Hadar's "Véritable" Tarot de Marseille - What is it true to?

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Rusty Neon  Rusty Neon is offline
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Rusty Neon 
Hadar's "Véritable" Tarot de Marseille -- What is it true to?

What true tarot is Kris Hadar striving for in his deck? Probably not the 1760 Conver. Like the Jodo-Camoin deck, Hadar's deck departs from the 1760 Conver (at least the Bibliothèque nationale copy photoreproduced in the Heron deck) in various material respects.

Examples in the case of the Hadar deck:

(1) Card titles are renamed:

e.g., Conver's "Valet de Coupe" becomes Hadar's "Vaslet de Coupes" (Note the pluralization)

I realize that Valet and Vaslet may be spelling variants, but why depart from what the Conver titles actually are?

Conver's "Cavalier de Coupe" becomes Hadar's "Chevalier de Coupes".

Similar change for the Queens.

(2) Features are added to the cards:

e.g., in the 10 of Batons, Hadar replaces the "X" numerals on the left and right hand sides with crowns.


The Tower card also puzzles me.

In the Conver card, the foreground earth is brownish, while the background earth is blue. In the Hadar, both the foreground and the background earth are brownish.

Hadar's "sun" in the Tower card is considerably bigger than the Conver's. The Hadar yellow portion of the Sun is not even visible in the Conver; in the Conver, the card edge cuts it off.

Top   #1
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jmd  jmd is offline
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I cannot talk for Kris Hadar, and hope that he responds himself to this query (whether directly or via another).

What follows, then, are my own reflections, based on considerations prior to the bringing out of his deck in the mid-1990s. I of course was not aware of his deck at that time.

From the 1930s until then, there were no real new Marseilles decks which came into existence - or certainly none which made it, to my knowledge, to mass production. Certainly, there was the photographic reproduction of the Conver by Héron, a couple of others made in small runs, and a few which sought to reproduce the Marseille in ways which seemed to not pay careful attention to what may be considered esoteric details. An example of this is the otherwise great Marseille deck from Spain.

I suppose I too had, in the late 1980s, seriously considered (and during times of errr... delusion (?!), reconsider) creating a 'true' Marseille. I am also certain that this was one of the motivations of Camoin & Jodorowsky. To bring out, afresh and new, the Marseille in its 'véritable' form. Here what is needed is a combination of access to older materials, but also, more importantly, discernment as to what aspect to include, and what may be dropped and considered more accidental detail.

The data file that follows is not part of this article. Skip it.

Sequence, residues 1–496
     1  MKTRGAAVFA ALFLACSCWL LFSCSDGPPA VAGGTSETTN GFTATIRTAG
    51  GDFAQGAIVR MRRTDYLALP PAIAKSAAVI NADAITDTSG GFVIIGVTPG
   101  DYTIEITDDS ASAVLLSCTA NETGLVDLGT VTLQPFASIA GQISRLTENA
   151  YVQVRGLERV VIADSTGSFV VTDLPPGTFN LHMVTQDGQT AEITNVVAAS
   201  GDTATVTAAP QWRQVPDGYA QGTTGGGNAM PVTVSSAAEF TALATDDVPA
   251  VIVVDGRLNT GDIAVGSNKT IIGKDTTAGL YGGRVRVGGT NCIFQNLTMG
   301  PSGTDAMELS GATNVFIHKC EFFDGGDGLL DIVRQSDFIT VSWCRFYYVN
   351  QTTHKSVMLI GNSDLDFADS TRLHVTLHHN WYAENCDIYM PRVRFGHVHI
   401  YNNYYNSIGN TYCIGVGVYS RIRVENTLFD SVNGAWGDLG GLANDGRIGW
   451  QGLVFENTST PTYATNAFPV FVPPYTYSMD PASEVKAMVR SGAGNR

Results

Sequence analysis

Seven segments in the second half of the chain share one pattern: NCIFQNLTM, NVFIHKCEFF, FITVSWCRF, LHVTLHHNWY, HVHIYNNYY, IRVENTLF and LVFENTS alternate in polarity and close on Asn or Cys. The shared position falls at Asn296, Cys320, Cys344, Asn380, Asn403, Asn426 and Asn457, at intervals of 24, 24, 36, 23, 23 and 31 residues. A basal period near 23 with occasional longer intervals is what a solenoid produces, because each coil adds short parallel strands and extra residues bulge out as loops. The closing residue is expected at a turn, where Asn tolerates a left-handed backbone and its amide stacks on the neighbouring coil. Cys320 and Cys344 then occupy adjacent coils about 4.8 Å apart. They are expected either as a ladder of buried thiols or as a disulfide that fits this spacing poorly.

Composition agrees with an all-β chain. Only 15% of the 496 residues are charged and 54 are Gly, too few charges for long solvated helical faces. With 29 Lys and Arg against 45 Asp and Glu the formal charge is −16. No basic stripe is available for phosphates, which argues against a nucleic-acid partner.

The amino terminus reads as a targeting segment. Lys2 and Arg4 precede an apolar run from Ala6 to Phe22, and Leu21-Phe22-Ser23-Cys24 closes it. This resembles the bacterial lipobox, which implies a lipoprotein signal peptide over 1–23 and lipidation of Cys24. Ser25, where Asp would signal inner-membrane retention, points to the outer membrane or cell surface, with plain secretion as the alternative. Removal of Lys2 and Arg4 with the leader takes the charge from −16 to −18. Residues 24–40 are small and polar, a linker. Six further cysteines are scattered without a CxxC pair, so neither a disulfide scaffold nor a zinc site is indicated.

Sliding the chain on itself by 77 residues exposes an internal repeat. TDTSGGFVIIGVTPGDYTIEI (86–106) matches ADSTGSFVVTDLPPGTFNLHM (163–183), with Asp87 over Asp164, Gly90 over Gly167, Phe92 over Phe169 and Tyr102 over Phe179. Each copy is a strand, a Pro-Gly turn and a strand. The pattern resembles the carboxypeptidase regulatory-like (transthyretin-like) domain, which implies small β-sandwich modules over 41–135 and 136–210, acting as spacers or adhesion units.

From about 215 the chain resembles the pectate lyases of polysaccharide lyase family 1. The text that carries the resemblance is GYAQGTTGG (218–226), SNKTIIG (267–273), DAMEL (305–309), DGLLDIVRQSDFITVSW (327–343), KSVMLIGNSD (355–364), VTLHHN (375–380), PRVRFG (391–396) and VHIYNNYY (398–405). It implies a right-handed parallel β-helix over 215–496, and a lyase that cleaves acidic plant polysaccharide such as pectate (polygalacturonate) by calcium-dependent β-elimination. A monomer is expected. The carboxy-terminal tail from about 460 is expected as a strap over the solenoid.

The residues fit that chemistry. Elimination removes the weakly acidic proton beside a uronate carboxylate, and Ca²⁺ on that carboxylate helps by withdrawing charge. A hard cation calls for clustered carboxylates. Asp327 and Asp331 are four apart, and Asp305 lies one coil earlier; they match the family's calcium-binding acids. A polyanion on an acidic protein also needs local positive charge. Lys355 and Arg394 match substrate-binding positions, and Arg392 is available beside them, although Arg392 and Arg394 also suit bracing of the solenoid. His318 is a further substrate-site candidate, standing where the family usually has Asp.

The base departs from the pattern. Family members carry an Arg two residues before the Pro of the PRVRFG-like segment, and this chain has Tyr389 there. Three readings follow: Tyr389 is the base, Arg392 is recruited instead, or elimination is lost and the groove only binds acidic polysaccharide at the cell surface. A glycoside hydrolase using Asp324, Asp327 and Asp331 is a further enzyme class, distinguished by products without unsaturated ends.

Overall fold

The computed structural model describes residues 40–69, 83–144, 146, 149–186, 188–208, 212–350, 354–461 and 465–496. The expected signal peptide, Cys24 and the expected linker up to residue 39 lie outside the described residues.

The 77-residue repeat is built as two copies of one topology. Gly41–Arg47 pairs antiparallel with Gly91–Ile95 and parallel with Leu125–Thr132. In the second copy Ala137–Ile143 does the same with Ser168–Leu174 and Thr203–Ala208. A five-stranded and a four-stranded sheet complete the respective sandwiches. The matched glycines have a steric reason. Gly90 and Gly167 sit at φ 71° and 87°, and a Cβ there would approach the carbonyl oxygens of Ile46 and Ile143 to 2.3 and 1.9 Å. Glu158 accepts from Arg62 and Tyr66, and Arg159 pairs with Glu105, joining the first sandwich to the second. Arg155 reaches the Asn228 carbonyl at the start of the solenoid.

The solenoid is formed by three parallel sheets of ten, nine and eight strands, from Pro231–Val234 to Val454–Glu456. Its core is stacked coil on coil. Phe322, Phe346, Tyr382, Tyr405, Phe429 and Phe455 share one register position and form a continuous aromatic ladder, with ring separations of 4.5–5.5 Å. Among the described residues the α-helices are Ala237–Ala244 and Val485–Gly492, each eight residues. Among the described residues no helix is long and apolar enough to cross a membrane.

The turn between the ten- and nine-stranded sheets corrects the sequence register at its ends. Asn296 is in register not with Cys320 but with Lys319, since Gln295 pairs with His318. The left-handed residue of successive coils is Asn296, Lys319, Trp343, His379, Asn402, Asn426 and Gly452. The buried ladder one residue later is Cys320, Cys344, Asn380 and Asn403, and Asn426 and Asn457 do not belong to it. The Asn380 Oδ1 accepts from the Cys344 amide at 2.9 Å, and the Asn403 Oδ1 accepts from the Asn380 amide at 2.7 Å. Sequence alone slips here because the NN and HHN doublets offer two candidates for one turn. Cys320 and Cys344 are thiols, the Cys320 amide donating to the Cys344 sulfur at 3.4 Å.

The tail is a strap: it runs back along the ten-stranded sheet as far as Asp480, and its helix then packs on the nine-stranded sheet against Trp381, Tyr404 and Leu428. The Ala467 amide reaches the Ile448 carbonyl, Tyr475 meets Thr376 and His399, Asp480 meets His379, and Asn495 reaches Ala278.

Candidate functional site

It also gives the opportunity to highlight, bring out, or mildly alter detail which may be deemed not central. An example from the Hadar are the crowns on the ten Bastons.

With regards to the courts, for example, Hadar certainly did not stick to tradition with regards their respective horizons. On his deck (and this is especially obvious if the courts are placed alongside one another), their horizon forms a straight line, as opposed to the variagated ridges of virtually every other Marseille I have looked at in any detail. Yet, I do think he may legitimately call it a 'véritable' Marseille.

The 'true' Tarot he therefore seeks to bring out is not a copy of an older existing Marseille, but rather a true Marseille in the sense that it embodies and gives form to what I have now so often referred to as the Ür-Tarot.

Hadar's Tarot de Marseille stands, therefore, as an independent and different, yet one closely paralleling, existing Marseille decks.

It would be interesting to read, apart from the views of others, his own response
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firemaiden  firemaiden is offline
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Diana is unable to get to the boards for a few days, but she has asked me to let you know that in an e-mail she received from Mr. Hadar last year, he said:

"... le Tarot de Marseille du Dodal et même du Payen sont des modèles du canon original."

Translation: "The Dodal Tarot of Marseille, and even the Payen, are models of the original canon."

So the answer to Rusty Neon's post seems to be: he didn't use the Conver as his model.

Diana is going to e-mail Kris Hadar as soon as possible in order to try and get more details on this.
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jmd  jmd is offline
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In the thread on I Le Bateleur, I mention Goethe's concept of the Ürpflanze (outlined in more detail in that second link).

It is in that sense that I first began using the term many months ago in this forum - a term which has since been used by others (fair enough!) in other locations.